O'Reilly is the true difference maker that a team like the Maple Leafs are going to need come playoff time. He also has the playoff experience that this team needs after winning a Stanley Cup with the Blues in 2019. 

Perhaps the Maple Leafs finally have assembled enough talent to make a deep run in the playoffs.


San Jose Sharks

The Sharks got a solid haul for Timo Meier's services, so you may be wondering how their trade deadline performance can be classified as a losing effort -- and it's because San Jose missed out on an opportunity to deal defenseman Erik Karlsson

It is true that Karlsson isn't an expiring contract as he's signed through the 2027-28 season. However, Karlsson is having a career year as he leads all NHL defensemen in points (78), goals (19) and assists (59). 

Yes, his $11.5 million cap hit does make facilitating a deal a tad more difficult, but it's highly likely that something could've been worked out with another team. After all, if Karlsson landed with the right team, he could've transformed them into a Stanley Cup contender due to his offensive prowess.

Karlsson is having his best season since arriving in San Jose, and who knows if this type of production will continue. He's only 32, so he could still have plenty of tread left on the tires, but there's no way to know for sure.

Karlsson's value will never be higher, which is why the Sharks should've dealt him given their status as a rebuilding franchise.

Philadelphia Flyers

The Philadelphia Flyers have had a calendar year to forget, and it continues to get worse.

During the offseason, the Flyers were unable to sign star winger and New Jersey native Johnny Gaudreau to a big contract in free agency because the team had handed out too many bad contracts in the past. General manager Chuck Fletcher went out and acquired defenseman Tony DeAngelo from the Carolina Hurricanes for a trio of draft picks and is paying him $5 million per season.

The trade deadline came and went with the Flyers making some lackluster moves. Philadelphia traded forward Zack MacEwen to the Los Angeles Kings for forward Brandon Lemieux and a 2024 fifth-round pick. In addition, the Flyers also moved forward Patrick Brown to the Ottawa Senators for a 2023 sixth-round pick.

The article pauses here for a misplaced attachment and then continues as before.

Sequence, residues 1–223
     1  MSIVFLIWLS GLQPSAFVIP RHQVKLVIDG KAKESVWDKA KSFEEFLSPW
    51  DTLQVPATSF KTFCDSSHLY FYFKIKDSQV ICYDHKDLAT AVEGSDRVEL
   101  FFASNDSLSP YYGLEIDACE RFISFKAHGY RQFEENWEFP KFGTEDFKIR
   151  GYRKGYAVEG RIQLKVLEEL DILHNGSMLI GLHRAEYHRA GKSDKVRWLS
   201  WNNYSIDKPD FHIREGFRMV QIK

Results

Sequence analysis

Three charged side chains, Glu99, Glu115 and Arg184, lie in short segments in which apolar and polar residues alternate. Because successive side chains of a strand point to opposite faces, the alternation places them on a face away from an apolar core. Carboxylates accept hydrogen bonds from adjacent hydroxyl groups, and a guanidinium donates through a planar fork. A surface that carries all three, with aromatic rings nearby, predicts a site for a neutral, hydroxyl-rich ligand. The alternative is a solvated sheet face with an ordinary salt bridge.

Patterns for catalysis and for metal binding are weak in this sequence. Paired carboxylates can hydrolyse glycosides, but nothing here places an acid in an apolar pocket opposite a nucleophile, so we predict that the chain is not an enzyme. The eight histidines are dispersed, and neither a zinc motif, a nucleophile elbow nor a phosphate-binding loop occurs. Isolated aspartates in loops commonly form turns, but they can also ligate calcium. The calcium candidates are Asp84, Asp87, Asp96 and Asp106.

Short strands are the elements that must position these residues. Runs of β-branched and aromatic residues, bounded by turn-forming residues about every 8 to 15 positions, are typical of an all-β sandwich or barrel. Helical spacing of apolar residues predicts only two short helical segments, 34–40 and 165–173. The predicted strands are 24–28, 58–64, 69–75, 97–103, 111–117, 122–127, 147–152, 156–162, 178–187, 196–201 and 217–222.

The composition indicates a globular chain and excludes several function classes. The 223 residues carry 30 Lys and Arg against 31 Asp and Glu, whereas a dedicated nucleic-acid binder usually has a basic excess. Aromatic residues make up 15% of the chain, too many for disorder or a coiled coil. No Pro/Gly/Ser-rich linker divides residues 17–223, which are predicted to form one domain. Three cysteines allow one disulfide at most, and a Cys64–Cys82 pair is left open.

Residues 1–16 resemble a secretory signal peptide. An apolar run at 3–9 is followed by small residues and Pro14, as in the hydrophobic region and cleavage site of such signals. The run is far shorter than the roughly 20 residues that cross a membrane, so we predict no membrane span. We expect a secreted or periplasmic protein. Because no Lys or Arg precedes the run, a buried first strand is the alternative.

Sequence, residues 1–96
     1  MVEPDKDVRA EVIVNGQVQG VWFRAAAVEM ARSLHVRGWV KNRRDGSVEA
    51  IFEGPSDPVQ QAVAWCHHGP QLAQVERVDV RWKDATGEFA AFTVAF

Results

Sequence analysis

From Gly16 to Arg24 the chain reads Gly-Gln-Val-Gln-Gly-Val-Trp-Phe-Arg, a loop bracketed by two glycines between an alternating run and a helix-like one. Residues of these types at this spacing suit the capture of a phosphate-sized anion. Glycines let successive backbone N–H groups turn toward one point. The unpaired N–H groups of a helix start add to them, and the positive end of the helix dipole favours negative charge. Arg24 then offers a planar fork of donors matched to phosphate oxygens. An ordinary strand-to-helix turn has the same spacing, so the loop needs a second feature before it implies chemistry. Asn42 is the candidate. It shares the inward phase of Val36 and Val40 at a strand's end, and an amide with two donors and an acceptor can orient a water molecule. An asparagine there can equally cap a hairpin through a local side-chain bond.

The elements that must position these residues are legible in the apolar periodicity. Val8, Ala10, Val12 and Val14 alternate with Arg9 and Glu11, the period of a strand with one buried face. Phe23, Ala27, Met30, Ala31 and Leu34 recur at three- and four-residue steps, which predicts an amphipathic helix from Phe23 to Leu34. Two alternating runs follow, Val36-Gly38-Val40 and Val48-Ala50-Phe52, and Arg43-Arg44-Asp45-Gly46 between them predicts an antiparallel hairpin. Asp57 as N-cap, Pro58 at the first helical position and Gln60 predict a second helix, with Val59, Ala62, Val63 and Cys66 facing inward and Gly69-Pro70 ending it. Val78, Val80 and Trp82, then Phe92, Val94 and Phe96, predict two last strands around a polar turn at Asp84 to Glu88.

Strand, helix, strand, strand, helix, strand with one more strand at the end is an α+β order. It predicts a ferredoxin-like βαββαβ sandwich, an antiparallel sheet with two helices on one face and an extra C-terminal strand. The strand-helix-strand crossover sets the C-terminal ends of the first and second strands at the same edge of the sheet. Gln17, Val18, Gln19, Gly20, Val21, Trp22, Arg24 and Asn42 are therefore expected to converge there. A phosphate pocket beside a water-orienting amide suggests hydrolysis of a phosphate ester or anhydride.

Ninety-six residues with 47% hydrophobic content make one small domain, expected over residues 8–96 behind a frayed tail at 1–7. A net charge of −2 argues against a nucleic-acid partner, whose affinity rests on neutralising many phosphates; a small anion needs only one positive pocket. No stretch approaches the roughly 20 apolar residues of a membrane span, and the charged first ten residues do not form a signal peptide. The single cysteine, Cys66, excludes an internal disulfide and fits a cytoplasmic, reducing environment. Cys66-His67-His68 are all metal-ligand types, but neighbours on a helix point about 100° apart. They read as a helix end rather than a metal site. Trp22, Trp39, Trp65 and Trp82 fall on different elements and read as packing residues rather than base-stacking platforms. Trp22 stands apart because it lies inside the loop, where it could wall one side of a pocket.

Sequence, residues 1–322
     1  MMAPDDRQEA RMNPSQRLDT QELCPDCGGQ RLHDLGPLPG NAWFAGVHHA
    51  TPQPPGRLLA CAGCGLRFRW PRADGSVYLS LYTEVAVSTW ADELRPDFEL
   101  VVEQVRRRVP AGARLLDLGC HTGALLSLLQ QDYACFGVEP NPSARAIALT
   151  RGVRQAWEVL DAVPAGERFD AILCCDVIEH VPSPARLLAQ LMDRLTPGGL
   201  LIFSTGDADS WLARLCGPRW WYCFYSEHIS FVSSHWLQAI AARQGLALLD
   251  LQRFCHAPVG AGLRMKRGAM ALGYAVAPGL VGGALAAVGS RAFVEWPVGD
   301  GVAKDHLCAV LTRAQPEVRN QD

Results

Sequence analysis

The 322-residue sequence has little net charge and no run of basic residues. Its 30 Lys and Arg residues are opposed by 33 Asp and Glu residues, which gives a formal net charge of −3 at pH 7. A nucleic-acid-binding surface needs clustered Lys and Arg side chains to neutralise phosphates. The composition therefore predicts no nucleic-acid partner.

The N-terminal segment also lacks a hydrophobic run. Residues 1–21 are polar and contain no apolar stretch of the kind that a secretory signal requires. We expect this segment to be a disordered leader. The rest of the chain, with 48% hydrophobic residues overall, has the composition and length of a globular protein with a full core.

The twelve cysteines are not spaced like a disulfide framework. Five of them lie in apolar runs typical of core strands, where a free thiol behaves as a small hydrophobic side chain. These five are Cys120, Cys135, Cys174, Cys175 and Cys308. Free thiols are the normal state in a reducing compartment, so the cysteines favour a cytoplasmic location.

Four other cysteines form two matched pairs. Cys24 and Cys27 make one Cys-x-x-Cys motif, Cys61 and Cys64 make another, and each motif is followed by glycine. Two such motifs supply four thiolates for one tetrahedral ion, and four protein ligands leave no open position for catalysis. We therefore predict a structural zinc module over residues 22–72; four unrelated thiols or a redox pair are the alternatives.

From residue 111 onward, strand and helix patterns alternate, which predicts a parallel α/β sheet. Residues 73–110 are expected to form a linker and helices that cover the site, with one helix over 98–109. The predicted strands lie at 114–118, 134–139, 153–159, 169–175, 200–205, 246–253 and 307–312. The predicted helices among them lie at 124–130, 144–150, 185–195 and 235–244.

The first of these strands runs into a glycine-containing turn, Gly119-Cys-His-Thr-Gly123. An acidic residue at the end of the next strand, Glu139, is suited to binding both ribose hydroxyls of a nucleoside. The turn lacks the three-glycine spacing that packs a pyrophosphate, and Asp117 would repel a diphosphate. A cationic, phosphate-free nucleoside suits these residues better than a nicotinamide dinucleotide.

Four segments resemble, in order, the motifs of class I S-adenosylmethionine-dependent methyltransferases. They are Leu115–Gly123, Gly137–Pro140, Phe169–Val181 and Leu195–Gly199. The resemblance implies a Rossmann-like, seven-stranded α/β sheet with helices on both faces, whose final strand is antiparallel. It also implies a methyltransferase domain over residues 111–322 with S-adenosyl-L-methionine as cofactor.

When the dust settled at the deadline, forward James van Riemsdyk was still on the Flyers' roster. van Riemsdyk is slated to become an unrestricted free agent this summer, so it's shocking that he wasn't moved for even a late-round draft pick. His $7 million cap hit certainly wasn't a major selling point, but a team like the Seattle Kraken or Vegas Golden Knights could've used a veteran forward like van Riemsdyk and had the money to burn.

For a team that is at the bottom of the standings, it was truly shocking to see the Flyers do basically nothing on deadline day.

The Western Conference

In the weeks leading up to the trade deadline, it was an arms race of sorts in the Eastern Conference. It began with the New York Islanders acquiring Bo Horvat just prior to the All-Star break. We saw the New York Rangers add Vladimir Tarasenko and Patrick Kane in February while the New Jersey Devils acquired Timo Meier.

If you take a look at the Eastern Conference standings, there's the Bruins, Rangers, Devils, Devils and Maple Leafs looking to make a run at reaching the Stanley Cup Final. Oh, and let's not forget about the Tampa Bay Lightning, who have reached the Stanley Cup Final in each of the past three seasons.

The East is absolutely loaded. On the other hand, the West isn't quite as top-heavy, and that's why I'm classifying the entire Western Conference as a loser here. 

The Western Conference is wide-open. Sure, the Dallas Stars, Vegas Golden Knights, Seattle Kraken and Minnesota Wild have had strong seasons, but none of those teams has really separated themselves from the rest of the pack. Those teams had a chance to create some separation at the deadline and just didn't do so.

The Stars added forward Max Domi and the Wild added defenseman John Klingberg. Those aren't bad moves by any means, but they're not ones that are transforming your roster into a Stanley Cup contender. This was a chance to make a statement and nobody really did.

Now, as brutal as a season as it has been, the Colorado Avalanche could be a lot healthier come playoff time. The Avalanche could swoop right in and make a run at a second consecutive trip to the Stanley Cup Final.